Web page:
Explaining the role of attachment styles and defensive ‎mechanisms in obsession-compulsion disorder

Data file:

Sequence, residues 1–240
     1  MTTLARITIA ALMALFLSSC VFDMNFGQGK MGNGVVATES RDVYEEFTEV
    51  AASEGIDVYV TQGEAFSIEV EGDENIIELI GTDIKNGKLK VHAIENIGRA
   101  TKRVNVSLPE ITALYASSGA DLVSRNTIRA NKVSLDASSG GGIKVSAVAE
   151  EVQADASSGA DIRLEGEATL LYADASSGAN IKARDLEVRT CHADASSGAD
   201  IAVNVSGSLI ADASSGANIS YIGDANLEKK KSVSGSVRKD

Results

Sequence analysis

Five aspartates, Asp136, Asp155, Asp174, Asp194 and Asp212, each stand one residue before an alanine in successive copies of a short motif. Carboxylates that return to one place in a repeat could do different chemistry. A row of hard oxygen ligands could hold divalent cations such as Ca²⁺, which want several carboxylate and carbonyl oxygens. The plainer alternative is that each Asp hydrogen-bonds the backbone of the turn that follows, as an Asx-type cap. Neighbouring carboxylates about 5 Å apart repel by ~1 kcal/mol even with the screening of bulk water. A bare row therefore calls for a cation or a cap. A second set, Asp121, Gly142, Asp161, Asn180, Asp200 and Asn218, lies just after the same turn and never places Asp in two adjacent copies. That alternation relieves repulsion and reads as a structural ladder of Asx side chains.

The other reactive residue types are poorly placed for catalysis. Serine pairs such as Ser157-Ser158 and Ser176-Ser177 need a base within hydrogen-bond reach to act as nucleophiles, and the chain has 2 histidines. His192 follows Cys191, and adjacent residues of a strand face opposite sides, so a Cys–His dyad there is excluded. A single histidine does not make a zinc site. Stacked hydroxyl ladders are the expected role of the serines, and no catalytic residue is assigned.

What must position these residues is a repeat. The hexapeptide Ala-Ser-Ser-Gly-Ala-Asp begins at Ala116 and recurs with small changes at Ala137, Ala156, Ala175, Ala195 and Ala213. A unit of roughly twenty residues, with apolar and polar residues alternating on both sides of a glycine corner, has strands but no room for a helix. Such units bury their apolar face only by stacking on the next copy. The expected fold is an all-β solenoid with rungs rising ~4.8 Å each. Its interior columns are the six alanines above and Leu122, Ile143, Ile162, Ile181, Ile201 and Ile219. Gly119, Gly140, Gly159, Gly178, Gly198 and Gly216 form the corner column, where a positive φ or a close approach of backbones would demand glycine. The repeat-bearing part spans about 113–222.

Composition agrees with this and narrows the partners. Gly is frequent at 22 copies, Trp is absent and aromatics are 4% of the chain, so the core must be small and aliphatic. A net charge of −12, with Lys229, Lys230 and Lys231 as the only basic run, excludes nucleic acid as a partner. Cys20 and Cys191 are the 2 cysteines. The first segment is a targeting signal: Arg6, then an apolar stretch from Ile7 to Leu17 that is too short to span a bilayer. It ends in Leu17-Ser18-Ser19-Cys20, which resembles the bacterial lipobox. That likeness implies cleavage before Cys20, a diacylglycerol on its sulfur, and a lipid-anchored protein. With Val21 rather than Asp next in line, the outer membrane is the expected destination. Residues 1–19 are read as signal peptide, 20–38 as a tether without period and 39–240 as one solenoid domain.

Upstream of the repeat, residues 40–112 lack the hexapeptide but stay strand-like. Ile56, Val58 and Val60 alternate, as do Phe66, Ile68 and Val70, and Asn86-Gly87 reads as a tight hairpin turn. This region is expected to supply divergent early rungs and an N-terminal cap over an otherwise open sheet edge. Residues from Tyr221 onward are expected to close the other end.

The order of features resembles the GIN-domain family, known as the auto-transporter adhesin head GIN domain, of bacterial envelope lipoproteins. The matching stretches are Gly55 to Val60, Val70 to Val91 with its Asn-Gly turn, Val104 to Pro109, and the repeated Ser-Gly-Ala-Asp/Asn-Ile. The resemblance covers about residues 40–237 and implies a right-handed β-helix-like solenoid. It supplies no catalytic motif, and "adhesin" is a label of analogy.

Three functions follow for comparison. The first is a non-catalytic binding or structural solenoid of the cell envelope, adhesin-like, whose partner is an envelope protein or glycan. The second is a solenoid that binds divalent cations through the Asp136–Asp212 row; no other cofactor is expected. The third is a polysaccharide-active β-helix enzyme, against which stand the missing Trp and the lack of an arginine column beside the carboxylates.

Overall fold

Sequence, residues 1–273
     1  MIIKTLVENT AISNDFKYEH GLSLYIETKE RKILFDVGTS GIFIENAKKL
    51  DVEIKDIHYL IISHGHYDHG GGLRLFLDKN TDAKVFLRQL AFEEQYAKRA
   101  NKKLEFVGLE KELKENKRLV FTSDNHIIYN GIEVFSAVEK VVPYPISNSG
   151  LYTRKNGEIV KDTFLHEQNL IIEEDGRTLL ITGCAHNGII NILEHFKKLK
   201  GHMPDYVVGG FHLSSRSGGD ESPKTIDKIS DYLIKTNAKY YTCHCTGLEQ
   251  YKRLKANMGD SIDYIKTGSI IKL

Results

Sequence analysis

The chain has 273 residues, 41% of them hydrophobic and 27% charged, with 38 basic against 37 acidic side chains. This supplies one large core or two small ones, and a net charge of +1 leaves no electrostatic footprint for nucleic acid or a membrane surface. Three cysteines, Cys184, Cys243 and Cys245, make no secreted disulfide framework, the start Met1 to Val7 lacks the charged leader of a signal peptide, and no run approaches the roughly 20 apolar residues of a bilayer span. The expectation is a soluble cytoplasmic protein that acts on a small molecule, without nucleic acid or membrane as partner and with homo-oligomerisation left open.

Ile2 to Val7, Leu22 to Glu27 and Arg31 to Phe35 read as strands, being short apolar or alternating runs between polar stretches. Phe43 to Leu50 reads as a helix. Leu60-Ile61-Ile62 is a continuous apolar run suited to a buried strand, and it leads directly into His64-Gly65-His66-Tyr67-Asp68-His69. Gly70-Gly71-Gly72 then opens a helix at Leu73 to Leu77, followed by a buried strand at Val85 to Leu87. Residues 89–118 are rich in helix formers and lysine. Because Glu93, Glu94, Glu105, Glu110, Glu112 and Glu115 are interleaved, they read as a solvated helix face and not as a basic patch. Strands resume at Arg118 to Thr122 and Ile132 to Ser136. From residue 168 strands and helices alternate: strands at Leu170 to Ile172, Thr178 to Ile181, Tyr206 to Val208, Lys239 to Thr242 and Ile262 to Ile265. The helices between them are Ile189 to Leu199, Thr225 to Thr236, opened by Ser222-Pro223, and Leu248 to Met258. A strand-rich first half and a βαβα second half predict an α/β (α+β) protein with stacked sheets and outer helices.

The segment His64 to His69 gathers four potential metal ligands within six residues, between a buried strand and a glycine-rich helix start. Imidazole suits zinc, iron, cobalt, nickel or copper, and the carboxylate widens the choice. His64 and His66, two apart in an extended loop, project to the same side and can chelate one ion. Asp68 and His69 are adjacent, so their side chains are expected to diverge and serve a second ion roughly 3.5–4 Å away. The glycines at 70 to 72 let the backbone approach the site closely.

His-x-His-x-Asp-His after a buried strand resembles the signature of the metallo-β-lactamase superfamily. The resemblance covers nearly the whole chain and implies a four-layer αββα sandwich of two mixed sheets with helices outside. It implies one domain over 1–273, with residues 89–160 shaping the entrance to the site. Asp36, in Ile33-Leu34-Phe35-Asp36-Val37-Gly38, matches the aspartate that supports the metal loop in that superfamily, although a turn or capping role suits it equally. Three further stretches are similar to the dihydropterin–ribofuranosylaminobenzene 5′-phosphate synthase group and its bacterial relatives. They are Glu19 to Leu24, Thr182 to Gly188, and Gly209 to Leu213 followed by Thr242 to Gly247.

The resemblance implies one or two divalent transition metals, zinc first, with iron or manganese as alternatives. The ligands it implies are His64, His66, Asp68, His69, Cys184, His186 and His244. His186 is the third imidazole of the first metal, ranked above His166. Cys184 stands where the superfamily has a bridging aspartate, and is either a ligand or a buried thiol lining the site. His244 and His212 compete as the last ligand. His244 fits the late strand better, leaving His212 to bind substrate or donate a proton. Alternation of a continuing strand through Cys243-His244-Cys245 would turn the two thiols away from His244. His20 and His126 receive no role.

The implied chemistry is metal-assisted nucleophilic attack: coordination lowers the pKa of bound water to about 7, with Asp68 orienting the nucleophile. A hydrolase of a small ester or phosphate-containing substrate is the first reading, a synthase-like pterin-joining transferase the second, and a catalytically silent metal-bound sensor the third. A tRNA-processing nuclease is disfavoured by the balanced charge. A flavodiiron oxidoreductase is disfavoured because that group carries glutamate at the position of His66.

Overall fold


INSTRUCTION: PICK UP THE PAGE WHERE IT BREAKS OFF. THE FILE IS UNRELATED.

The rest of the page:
Introduction: The present study aimed to explain the effects of early childhood experiences of patients with obsessive-compulsive disorder by comparing attachment styles and defensive mechanisms in these patients with normal individuals.   Method: A causal comparative research design was used. The statistical universe of the present study comprised all women suffer from obsessive-compulsive disorder residing in Yazd who sought treatment at Bahman Hospital during the first three months of 1385. The study sample included all those women approached the hospital on Saturdays, Mondays, and Wednesdays and diagnosed having obsessive-compulsive disorder by psychiatrist. The comparison group composed of 80 women from the normal population, who were possibly matched on age and educational status with the clinical group.   To assess attachment styles and defensive mechanisms, the standardized Persian version of the adult attachment interview (AAI) and defensive mechanisms questionnaire were used, by order. Data were analyzed using descriptive indices and means were compared using T-test for independent groups.   Results: Avoidant and ambivalent attachment styles were statistically greater among individuals with obsessive-compulsive disorder than normal controls. Normals tended to employ more mature defensive mechanisms than their obsessed counterparts.   Conclusion: First, parental overprotection and unresponsiveness are associated with obsessive-compulsive symptoms. Second, treatment of obsessive-compulsive disorder is accompanied by a significant increase in the use of mature defensive mechanisms.